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Always look on the bright side (Warning: graphic photos)

We spend our time and effort trying to conserve Jersey's grass snake and slow-worm populations, but sometimes we are presented with specimens which have come to the end of their life. This may be due to natural causes such as predation, or due to conflict with people, often in the form of road-kill.

A dead grass snake found during surveys; predated by a cat or polecat. Photo: © Rob Ward

As sad as it may be, some of these losses are unavoidable. However with such a small snake population remaining in Jersey, every individual lost is likely to have an impact on the overall population. By being aware of wildlife on our roads we can reduce the number of snakes and other animals that are killed or injured each year by keeping an eye out when driving. Efforts can also be made to reduce the impact of our pets by making them more obvious to native wildlife through the use of specially designed collars for cats and so on (see http://www.rspb.org.uk/makeahomeforwildlife/advice/gardening/unwantedvisitors/cats/collarthatcat.aspx).

Note: collar designs for cats are primarily designed to reduce bird kills, and are unlikely to be as effective in reducing reptile predation.

A grass snake killed on the roads of Jersey. Photo: © Rob Ward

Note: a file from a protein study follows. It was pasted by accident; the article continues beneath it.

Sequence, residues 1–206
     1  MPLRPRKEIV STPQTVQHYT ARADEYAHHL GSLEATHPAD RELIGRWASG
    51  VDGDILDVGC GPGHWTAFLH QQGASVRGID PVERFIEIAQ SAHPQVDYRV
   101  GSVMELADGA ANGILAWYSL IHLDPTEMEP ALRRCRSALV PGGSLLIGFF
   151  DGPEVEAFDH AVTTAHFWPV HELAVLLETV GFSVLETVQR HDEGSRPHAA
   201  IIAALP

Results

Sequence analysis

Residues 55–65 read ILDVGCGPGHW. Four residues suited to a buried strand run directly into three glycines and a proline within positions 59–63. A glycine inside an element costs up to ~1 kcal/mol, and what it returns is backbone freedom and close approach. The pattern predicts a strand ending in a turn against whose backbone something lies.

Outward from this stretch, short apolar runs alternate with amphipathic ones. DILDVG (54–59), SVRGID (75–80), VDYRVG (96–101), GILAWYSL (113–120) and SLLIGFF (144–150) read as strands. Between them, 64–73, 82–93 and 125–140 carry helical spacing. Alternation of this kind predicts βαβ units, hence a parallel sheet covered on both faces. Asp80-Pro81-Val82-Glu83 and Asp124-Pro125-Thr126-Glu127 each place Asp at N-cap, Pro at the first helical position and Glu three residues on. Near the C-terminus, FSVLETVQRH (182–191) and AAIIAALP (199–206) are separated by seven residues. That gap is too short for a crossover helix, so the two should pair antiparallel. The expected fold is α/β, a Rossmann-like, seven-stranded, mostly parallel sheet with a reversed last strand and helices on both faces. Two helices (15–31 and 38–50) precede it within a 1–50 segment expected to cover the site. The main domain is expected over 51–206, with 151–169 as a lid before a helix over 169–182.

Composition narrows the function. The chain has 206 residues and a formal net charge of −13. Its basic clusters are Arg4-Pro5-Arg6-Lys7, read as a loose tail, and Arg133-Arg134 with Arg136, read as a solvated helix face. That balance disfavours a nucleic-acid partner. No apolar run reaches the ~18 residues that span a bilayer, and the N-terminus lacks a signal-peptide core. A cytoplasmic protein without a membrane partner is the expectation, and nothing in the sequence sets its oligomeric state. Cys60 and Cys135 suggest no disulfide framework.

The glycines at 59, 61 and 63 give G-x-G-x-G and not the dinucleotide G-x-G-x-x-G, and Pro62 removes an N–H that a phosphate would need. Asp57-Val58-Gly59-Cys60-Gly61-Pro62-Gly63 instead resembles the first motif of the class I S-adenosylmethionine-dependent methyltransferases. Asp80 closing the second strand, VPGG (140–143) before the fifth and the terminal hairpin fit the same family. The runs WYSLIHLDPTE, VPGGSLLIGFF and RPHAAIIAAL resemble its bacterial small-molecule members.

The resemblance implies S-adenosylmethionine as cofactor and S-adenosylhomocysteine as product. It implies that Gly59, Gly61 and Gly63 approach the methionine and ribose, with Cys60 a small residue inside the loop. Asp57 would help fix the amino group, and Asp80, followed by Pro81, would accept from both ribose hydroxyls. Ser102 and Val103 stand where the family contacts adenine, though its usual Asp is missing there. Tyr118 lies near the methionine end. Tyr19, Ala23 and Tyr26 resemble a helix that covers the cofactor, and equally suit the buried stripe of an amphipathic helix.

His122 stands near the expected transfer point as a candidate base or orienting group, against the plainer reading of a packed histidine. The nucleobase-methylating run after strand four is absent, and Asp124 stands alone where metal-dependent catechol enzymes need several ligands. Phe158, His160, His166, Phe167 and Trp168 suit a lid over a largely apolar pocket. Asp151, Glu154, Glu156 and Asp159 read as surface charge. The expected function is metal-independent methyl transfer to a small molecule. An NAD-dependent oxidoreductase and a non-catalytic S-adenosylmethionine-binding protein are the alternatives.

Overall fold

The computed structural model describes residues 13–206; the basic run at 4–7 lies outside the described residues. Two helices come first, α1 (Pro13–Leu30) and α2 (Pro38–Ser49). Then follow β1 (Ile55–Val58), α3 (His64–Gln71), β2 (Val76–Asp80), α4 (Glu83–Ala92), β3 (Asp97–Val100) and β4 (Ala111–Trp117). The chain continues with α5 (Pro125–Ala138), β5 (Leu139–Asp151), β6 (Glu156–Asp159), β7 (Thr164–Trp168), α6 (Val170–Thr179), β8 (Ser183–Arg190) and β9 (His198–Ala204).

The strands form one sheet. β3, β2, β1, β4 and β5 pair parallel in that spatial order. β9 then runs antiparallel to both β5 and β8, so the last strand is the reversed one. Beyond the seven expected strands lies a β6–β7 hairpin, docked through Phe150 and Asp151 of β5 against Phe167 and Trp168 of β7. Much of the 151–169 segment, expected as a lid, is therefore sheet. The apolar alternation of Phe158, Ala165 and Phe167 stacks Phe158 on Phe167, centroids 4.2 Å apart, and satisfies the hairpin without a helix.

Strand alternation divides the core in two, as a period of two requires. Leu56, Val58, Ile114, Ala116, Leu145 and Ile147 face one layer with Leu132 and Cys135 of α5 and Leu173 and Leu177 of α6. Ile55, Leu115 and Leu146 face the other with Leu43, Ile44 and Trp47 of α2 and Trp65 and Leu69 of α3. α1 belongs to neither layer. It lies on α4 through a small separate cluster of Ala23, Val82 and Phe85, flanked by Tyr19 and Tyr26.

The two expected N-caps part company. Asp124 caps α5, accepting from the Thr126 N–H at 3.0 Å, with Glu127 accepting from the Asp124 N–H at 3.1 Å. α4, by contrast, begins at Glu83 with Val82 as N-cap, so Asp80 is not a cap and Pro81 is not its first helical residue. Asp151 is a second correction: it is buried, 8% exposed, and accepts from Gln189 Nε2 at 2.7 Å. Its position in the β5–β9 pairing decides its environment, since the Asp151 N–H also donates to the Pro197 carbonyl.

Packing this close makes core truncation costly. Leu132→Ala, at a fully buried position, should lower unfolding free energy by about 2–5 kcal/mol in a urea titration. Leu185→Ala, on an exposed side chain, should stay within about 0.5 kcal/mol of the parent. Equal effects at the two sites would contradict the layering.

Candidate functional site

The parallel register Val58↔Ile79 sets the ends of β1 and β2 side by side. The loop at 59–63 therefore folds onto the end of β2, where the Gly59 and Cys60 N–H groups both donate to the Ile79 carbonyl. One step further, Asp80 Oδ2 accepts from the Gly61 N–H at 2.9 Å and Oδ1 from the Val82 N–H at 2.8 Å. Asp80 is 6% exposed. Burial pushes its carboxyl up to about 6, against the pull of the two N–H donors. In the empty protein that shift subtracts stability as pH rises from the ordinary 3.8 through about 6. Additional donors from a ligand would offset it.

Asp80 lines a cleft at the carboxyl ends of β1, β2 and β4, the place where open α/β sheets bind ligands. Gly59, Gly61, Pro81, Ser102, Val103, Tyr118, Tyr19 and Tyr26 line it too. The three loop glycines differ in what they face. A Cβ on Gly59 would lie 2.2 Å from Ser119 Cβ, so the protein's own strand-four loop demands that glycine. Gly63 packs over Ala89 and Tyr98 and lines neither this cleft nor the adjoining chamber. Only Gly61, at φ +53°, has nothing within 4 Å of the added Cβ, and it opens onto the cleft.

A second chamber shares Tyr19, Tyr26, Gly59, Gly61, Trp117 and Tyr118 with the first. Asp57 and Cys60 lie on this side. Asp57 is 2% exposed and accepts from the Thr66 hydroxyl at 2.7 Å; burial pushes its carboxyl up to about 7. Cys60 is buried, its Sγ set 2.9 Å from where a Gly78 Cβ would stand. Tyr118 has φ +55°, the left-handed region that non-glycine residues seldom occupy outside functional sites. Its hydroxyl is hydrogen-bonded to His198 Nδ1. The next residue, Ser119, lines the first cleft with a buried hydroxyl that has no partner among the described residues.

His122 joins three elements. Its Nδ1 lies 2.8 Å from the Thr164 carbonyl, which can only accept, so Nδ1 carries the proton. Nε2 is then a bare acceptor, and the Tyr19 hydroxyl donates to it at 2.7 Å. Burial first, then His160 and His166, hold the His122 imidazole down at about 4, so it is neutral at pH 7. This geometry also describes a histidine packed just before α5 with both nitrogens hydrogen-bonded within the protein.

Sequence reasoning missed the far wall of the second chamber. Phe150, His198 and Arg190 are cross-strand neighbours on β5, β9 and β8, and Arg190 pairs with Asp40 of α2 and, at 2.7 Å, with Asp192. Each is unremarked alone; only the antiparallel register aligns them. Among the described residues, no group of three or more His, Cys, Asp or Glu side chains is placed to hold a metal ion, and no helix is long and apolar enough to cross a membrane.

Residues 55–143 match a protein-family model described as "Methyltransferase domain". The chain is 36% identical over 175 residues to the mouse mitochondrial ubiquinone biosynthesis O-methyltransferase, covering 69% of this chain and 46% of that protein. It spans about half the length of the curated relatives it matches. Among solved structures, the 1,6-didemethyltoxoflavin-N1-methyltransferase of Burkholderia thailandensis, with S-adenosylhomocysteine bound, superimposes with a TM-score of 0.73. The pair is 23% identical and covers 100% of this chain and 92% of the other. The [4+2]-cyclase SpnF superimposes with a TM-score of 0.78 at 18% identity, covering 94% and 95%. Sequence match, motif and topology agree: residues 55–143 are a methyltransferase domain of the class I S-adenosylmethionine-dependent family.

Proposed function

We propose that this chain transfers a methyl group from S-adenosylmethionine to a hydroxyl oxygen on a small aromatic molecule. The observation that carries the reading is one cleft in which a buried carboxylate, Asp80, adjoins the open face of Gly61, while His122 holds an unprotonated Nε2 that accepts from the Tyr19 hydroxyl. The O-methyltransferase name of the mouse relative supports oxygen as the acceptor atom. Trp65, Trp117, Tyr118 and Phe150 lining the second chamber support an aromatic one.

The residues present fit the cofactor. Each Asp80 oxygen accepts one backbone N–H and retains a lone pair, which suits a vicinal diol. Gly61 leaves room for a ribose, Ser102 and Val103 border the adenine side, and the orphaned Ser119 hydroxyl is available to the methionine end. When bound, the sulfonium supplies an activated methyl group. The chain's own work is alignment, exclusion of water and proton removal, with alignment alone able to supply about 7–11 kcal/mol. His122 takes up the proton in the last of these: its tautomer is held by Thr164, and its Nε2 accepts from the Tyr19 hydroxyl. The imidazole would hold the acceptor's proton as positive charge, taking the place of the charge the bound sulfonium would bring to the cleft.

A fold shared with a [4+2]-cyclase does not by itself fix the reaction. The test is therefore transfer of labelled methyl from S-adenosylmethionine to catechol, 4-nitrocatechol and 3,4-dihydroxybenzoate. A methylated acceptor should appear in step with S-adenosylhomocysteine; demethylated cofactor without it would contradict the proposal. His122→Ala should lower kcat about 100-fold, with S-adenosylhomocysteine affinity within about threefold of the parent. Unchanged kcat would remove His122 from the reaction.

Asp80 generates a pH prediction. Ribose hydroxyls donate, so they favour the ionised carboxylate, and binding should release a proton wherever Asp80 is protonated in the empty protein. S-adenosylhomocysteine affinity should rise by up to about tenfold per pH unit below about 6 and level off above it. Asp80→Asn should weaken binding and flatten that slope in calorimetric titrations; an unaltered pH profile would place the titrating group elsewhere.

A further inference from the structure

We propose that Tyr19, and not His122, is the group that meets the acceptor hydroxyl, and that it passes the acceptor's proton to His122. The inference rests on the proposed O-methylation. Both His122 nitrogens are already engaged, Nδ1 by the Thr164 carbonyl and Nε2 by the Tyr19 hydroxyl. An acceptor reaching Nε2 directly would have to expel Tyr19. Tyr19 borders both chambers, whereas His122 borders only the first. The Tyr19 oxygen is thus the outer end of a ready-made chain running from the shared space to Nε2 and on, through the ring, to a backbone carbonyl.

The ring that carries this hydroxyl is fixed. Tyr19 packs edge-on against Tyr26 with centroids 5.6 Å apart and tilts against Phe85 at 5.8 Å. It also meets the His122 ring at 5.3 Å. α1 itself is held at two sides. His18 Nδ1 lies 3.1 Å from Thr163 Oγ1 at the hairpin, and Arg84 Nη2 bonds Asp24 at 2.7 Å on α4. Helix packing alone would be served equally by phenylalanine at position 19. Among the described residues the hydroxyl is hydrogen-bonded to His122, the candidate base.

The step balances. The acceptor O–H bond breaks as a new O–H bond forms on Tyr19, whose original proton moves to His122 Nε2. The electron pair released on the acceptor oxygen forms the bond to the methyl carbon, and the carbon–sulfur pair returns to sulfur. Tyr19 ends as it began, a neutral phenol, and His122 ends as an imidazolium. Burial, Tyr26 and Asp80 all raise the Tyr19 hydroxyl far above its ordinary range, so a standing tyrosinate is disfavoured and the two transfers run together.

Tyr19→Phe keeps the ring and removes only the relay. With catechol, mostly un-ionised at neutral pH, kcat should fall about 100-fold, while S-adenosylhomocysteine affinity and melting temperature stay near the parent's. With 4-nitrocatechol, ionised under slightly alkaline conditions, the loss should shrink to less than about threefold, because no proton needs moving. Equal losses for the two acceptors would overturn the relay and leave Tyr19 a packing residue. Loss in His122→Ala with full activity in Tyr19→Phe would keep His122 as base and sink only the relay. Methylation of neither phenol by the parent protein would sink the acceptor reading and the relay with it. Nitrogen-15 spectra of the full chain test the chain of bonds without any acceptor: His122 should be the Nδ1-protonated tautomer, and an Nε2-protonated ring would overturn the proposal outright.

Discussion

It may not be the first thing that comes to mind, but these animals are still of interest to us. If you do come across a sick, injured or dead grass snake or slow-worm then please do let us know. Even when dead these animals can contribute to our research and to the conservation of the population by providing us with DNA samples for genetic work, and to allow for investigations in to the causes of death. In some circumstances we are even able to see what they have recently eaten - giving us further insight in to their diet.

Palmate newt found in the digestive tract of a dead grass snake. Photo: © Rob Ward

Of course all native animals have their place in the ecosystem and play a key role in the food web. Predators of reptiles in Jersey are likely to include domestic and feral cats, non-native polecats/ferrets, birds of prey such as Marsh harriers, non-native pheasants, and other birds such as corvids and herons. In turn, grass snakes are predators of amphibians, fish, and occasionally small mammals and hatchling birds. Slow-worms prefer slightly softer prey, specialising in feeding upon slugs and snails (so good to have in your garden or allotment).

Marsh harrier carrying a green lizard in its talons - Image source unknown

To report grass snakes and slow-worms, alive or dead, please click here or call us on 01534 441628 and we will come and investigate. For dead individuals, we will collect the carcasses and use them for further study. We are particularly interested in any observations of animals being predated.

Links of interest:

Grass snakes and slow-worms are both protected in Jersey under the Conservation of Wildlife (Jersey) Law 2000, and so it is illegal to knowingly kill, injure or take them. The same law prevents them from being kept (except under licence), or sold.

Think Grass Snake representatives are licenced to keep remains of grass snakes and slow-worms for research and conservation purposes and are thus able to collect dead specimens.